Like it or not, race has long been a theme – and a flashpoint – in American cinema. Films like The Birth of a Nation and Gone With the Wind presented a distinctly white – even outright racist – view of the issue. Things began to change in the 1960s with films like Guess Who’s Coming to Dinner and In the Heat of the Night. Both those featured Sidney Poitier (a major star by that time) but still looked at racial issues through a white lens. Then came the incendiary films of Spike Lee that finally brought a distinctly black view to the table. Director Melina Matsoukas looks to walk in Lee’s shoes with Queen & Slim, but falls a little short.
Matsoukas has a long CV in mainly music videos and TV (notably the series Insecure). Here she works from a script by Lena Waithe (Master of None). The resulting film is a vivid portrait of the black experience. But it’s undone a little by a meandering final third that stalls rather than drives the narrative. That third act weirdly features a Lord of the Rings-style multiple ending, which drains the film’s climax of its power.
The film opens somewhere in Ohio. Queen (Jodie Turner-Smith) and Slim (Daniel Kaluuya) are on a date. Things aren’t exactly catching fire between them. He’s a reserved Christian; she’s a lawyer who’s passionate about her work. They seem to have little in common. After dinner, Queen asks Slim for a lift home. On the way, they’re pulled over by a police officer (Sturgill Simpson). After a tense encounter, a gun is drawn and tragedy ensues. Queen is shot, and the officer dies at the scene. Chastened by her experience with the criminal justice system, Queen urges Slim to “just drive”. A vague plan emerges to head to New Orleans – a very long drive – to speak with Queen’s uncle, Earl (Bokeem Woodbine). But soon the pair realise it won’t be an easy journey.
Queen & Slim walks a delicate line. It’s billed as a kind of Bonnie-and-Clyde adventure, but doesn’t want to make its protagonists “bad” people. I’m not sure it gets the balance right the whole time. It wants to make its dialogue authentic, but it sometimes lapses into doggerel. And it features several characters making some very strange choices – so strange they sometimes strain credibility (including in that climactic scene). The script includes a huge number of improbable events and unlikely coincidences. Maybe Matsoukas and Waithe were aiming for this to be a kind of fantasy world where bizarre things can happen for no apparent reason. Or maybe they intended it as a kind of folk tale, where details are embellished beyond what actually happened. But if that’s so, it wasn’t obvious in the final product.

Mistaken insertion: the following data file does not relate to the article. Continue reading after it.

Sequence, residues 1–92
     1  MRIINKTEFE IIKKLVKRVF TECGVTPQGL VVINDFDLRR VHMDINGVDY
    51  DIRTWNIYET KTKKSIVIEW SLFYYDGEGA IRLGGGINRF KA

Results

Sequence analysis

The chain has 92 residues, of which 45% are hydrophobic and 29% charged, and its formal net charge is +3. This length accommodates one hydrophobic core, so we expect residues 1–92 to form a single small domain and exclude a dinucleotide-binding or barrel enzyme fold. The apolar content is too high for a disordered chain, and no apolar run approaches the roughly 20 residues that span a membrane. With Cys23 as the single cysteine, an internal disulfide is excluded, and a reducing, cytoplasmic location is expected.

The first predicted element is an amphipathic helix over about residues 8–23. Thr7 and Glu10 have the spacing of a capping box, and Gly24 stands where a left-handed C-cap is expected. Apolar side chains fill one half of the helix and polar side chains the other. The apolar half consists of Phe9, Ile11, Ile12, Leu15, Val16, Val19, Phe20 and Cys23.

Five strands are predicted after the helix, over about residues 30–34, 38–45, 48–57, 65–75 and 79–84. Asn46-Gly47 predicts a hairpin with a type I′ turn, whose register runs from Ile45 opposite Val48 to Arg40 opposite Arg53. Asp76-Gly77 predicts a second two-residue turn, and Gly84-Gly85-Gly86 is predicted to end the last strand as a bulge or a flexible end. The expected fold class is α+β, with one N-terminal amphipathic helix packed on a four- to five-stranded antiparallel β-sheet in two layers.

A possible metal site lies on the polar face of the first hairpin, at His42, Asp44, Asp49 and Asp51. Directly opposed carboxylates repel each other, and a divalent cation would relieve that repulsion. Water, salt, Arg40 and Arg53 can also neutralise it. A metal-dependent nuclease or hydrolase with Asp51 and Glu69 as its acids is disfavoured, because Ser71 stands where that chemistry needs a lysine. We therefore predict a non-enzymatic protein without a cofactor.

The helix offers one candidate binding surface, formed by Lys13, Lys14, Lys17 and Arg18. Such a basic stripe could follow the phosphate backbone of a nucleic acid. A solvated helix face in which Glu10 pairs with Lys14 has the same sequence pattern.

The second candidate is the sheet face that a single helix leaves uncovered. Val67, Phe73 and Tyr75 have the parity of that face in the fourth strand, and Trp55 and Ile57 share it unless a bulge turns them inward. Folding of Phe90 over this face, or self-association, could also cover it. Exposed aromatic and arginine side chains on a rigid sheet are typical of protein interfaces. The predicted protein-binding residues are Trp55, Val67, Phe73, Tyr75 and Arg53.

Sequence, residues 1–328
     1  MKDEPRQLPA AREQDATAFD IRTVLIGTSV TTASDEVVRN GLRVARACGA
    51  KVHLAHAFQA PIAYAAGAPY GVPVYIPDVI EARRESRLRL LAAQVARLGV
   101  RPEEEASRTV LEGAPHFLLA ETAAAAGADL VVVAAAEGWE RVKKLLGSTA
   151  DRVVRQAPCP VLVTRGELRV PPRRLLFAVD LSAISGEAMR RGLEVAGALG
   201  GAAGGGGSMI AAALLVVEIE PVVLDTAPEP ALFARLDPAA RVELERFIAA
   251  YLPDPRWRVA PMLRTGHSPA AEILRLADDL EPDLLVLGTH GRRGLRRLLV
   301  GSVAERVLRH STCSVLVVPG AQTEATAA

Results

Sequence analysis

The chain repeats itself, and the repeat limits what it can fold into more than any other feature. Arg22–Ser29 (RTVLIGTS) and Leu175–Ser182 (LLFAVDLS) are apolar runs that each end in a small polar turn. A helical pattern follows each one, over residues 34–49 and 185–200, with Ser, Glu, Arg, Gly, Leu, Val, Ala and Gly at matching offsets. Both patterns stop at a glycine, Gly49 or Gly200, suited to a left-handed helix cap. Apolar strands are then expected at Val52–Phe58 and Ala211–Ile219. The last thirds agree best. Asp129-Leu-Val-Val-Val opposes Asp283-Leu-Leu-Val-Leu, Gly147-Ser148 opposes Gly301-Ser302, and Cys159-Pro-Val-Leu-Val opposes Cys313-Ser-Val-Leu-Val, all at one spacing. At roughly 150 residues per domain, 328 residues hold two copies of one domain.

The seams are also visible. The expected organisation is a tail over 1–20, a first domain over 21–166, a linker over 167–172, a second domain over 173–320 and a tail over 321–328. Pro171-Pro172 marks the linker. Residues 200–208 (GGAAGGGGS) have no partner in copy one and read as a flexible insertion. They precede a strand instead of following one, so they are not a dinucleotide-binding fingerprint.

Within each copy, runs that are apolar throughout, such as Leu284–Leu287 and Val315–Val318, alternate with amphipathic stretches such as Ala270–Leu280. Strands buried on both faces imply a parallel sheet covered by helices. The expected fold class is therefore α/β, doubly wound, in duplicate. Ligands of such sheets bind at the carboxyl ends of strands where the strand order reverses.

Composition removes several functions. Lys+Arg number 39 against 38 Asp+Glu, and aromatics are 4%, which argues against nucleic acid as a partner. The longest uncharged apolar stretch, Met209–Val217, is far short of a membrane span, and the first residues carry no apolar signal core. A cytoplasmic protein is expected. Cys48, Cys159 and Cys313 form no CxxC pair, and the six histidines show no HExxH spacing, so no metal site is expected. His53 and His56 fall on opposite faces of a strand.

Still, what works for the film is the undeniable chemistry between the lead characters once they’re actually on the road. Jodie Turner-Smith (The Last Ship) and Daniel Kaluuya (Widows) make a fine couple. The actors deftly portray the characters’ journey from indifference to love as their circumstances become increasingly dire. Bokeem Woodbine provides a colourful foil as the unstable Uncle Earl.
DOP Tat Radcliffe (Pride) provides some memorable images of the American landscape. His unerring eye for contrasts between the beautiful and the ramshackle is astounding. Given Matsoukas’ background in music videos, it’s not surprising that the film features a soundtrack showcasing hip-hop and R’n’B artists, including Lauryn Hill.
Although it tries to deliver a political message, Queen & Slim is at its best when it focuses on the relationship between its protagonists. The flabby final act does it a disservice and robs it of what should have been a powerful ending. Still, while it’s definitely not on the level of Do the Right Thing, the film remains a stark reminder that race isn’t going to fade away as an issue in America any time soon.
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David Edwards is the editor of The Blurb and a contributor on film and television